QUEBEC - Outside of the Philadelphia Flyers and their fans, no one is hoping for a Montreal Canadiens playoff exit more than Belarus head coach Curt Fraser.
Fraser has been eagerly eyeing the opportunity to add three top forwards in the Canadiens' Andrei Kostitsyn, Sergei Kostitsyn and Mikhail Grabovski to the Belarus mix at the IIHF World Hockey Championship.
"I think every person in Belarus (is) a huge supporter of the Montreal Canadiens," a diplomatic Fraser said on Saturday as the Canadiens faced elimination against the Flyers.
"But if there is any chance of us getting these three kids, this is going to be our best opportunity ... which we believe will really help us."
Fraser, 50, an ex-NHLer with the Chicago Blackhawks, Vancouver Canucks and Minnesota North Stars and the first-ever head coach of the Atlanta Thrashers, is entering his second year as coach of Team Belarus.
Belarus has been reaping the benefits of an investment in hockey. Since the Kostitsyns' rise to fame just a few years ago, producing good hockey players has taken on a new dimension for Belarus.
Apart from the Canadiens trio, Mikhail Stefanovich, 18, who plays for the Quebec Remparts in the Quebec Major Junior Hockey League, is expected to go as a high draft pick in this year's NHL entry draft.
"I think the coaches and the schools are doing an excellent job of developing young talent," said Fraser, who holds dual Canadian and American citizenship.
A testament to the growth in hockey popularity in Belarus is the country's bid for the 2014 World Championship.
"It's kind of an untouched resource ... there's a lot of good, young talent being developed in Belarus right now and a lot of talent you're going to see in the NHL in the future."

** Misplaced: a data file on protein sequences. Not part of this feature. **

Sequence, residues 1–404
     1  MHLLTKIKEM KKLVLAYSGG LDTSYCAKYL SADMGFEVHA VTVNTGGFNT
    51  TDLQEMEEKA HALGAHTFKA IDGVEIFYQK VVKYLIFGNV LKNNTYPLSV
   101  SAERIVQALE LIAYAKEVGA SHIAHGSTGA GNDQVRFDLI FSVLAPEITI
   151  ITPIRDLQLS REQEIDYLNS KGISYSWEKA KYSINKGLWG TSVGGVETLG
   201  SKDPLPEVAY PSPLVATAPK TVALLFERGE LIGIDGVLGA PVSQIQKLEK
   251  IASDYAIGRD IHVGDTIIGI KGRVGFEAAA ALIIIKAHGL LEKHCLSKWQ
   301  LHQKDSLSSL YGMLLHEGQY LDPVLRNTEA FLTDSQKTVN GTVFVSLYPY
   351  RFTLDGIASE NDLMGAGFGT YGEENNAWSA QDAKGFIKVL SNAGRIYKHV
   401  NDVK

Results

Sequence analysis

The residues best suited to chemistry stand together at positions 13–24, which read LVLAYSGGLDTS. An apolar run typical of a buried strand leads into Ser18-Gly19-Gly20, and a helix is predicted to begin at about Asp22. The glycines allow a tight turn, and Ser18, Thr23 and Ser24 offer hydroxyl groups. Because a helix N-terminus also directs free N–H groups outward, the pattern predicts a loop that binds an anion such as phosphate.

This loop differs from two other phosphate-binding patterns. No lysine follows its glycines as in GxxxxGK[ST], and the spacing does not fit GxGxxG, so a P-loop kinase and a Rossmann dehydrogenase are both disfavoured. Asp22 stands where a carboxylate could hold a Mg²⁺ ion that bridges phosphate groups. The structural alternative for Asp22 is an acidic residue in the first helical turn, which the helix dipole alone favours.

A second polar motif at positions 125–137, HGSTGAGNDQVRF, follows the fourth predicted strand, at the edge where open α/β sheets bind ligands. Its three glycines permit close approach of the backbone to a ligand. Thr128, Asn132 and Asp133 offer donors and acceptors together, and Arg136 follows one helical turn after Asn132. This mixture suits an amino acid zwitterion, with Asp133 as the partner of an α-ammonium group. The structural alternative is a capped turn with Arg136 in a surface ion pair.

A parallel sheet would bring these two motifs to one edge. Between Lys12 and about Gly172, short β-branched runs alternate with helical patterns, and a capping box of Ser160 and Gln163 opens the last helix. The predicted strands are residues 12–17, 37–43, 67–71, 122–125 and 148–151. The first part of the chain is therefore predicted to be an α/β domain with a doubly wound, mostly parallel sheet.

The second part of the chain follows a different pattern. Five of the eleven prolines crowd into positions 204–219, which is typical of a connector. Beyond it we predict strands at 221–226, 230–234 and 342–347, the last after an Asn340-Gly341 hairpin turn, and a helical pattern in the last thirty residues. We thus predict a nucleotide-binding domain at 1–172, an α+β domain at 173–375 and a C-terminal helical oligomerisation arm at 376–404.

And while the shift in Belarus is still in its infancy, the stakes are high for the team this year in Quebec City after showing promise just two years ago.
"We are looking for good things from this tournament this year and the team knows that and is giving it everything they have," Fraser said.
Fraser, who was prompted to go to Belarus by former Washington Capitals coach Glen Hanlon, has the former netminder by his side in Quebec City as an assistant.
Hanlon worked extensively with Belarus before his NHL duties became too much to juggle both jobs and Fraser took on the task.
"It's been a fantastic experience for me and my family and a very good way to improve your coaching skills playing on the big ice surface and playing a different style of game," Fraser said.
After his team scored five goals against Sweden on Saturday, Fraser realizes the impact the addition the three Habs forwards and Colorado Avalanche defenceman Ruslan Salei will have on the club.
Grabovski and the Kostitsyns purchased gloves for the entire team and coaching staff before the tournament began in a show of support.
"They were all lined up in the stalls as we came in, so it's a very nice gesture to support their teammates here," Fraser said.
Fraser underlined that all three players want to win a Stanley Cup first, but if not, Belarus would be thrilled to have them.
"Hopefully we'll have a chance to see those kids play in the next short little while," Fraser said.